A new venture fund amid a pandemic? In the Nordics? Eir Ventures brings it on with €76M first close
From Pharmacia and Lundbeck to Novo Nordisk and AstraZeneca, the Nordic countries have been the birthplace for some legacy pharma companies. But for all that history and reputation, Stephan Christgau counts only five specialized life science investors backing biotechs today.
That leaves plenty of room for Eir Ventures, a brand new venture fund Christgau — one of the founders of Novo Seeds — is launching with three other veteran VCs.
Speaking to Endpoints News from Copenhagen with fellow managing partner Andreas Segerros, he spoke
“You have a number of good clusters in the Nordic,” he said, pointing to the southern Sweden / eastern Denmark area known as the Medicon Valley, places like Gothenburg, Stockholm and even Oslo, Norway. “I would say the Nordic region and the hotspots here are top three in Europe. That may be a big word. But yes we have Oxford/Cambridge, and we maybe have the Paris area, but what we see here are some emerging big listed companies like Genmab and Sobi and so on.”
The increasing costs of doing business in the US hubs, Segerros added, are starting to get prohibitive. Be it real estate, salary or drug development, you can do more with your dime in the areas Eir Ventures will be operating.
As a result, the firm expects to take a “very meaningful role and an active ownership position” by putting in between €5 million and €7 million, giving them a range of 12 to 16 portfolio companies. The ideal candidate will be a little beyond discovery stage, though Eir Ventures does want to include a few later-stage projects in the mix.
Around 5% of the fund — which might balloon into €100 million later — will go to around 15 ultra early-stage opportunities they call “seedlings.”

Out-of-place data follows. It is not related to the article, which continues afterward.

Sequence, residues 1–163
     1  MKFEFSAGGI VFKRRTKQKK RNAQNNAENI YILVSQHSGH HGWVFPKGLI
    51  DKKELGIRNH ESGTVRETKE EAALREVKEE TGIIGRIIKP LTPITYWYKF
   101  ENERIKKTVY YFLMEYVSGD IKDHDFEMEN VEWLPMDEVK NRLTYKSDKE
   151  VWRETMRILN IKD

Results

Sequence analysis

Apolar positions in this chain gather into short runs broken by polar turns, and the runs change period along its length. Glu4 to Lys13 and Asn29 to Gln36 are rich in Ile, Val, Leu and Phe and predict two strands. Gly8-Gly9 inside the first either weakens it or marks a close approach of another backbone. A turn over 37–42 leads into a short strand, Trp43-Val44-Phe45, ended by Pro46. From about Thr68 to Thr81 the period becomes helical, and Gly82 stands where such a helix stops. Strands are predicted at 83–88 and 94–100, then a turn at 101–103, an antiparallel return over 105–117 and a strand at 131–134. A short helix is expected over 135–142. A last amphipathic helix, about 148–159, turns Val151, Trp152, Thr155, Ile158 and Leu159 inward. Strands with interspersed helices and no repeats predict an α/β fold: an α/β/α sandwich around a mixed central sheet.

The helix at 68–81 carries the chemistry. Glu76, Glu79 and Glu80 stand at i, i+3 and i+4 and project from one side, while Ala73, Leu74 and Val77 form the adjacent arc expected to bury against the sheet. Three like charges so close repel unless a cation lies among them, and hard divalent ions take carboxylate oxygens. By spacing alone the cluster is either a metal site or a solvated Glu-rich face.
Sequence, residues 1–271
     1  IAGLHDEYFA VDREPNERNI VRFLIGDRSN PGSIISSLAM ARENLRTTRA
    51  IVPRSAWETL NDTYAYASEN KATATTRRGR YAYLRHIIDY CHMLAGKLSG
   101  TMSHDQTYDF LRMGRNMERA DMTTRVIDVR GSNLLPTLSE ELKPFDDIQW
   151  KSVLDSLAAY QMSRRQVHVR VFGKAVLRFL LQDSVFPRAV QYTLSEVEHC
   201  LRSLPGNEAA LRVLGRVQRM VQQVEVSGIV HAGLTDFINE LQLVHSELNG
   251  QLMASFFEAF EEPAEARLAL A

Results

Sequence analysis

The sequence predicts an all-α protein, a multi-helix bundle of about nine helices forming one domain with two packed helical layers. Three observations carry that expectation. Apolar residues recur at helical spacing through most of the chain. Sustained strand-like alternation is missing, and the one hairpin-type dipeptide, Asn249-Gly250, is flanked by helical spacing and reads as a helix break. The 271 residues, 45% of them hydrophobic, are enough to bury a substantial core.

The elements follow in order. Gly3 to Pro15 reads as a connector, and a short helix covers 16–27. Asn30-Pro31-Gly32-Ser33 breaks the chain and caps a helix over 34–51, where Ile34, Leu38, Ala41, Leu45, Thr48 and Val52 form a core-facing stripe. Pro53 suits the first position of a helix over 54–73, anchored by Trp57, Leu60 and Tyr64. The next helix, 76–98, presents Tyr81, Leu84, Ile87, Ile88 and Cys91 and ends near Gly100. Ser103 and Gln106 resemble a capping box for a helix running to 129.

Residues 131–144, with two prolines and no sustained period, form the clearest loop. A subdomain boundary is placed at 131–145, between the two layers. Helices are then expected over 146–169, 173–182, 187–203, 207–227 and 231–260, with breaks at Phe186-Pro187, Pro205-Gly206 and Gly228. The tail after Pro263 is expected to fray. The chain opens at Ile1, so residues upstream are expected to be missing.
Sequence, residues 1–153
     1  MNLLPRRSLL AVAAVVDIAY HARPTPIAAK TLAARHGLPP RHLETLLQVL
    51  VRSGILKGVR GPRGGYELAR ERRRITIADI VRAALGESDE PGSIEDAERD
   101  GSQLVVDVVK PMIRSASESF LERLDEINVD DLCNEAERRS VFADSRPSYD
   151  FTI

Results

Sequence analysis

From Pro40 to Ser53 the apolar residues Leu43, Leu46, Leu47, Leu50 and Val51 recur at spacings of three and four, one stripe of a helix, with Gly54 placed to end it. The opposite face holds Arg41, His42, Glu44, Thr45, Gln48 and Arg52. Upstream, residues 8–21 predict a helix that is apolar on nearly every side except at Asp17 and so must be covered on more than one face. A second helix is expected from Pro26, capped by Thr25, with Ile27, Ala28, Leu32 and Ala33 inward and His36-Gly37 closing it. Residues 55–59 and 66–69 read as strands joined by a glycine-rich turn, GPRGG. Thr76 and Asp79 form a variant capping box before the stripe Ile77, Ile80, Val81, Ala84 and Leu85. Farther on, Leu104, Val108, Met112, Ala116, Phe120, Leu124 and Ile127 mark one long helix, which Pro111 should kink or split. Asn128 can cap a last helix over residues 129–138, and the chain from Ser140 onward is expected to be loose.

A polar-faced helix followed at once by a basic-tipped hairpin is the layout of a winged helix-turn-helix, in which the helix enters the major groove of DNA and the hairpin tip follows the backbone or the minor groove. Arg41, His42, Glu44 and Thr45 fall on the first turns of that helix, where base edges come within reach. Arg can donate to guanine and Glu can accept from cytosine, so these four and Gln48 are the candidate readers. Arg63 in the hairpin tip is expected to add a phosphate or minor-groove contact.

“So it will be a convertible loan, a few hundred thousand dollars, but will be created to fund sort of critical killer experiments or other critical activities that will make the company fundable,” Christgau said.
Magnus Persson, who built up Sweden’s HealthCap to be one of the rare specialist life science VC players in the Nordics before getting recruited to The Column Group’s San Francisco office, is joining Christgau and Segerros as managing partner. The trio has also wooed Amanda Hayward to be a special partner out of Connecticut while continuing her day job scouting new rare disease drugs for Rallybio.
Although Covid-19 has complicated and delayed things, causing some believers to withdraw, the four anchor investors are weathering the storm, the team said. They are Saminvest, a venture capital company founded by the Swedish Government, Vækstfonden, the Danish state’s investment fund, Novo Holdings, as well as the European Investment Fund.
“Copenhagen or Stockholm is not Boston, and may never be that,” Christgau allowed. “But if you go back 20 years, I was — maybe 30 years back. I was at Kendall Square and at that point in time, there was really not [much] to write home about with regard to life science. So regions can develop. I’m not sitting here saying that we believe that we’ll reproduce Kendall Square, but we see a good trajectory of the life science industry here and we believe this is the right place to be for a new venture fund.”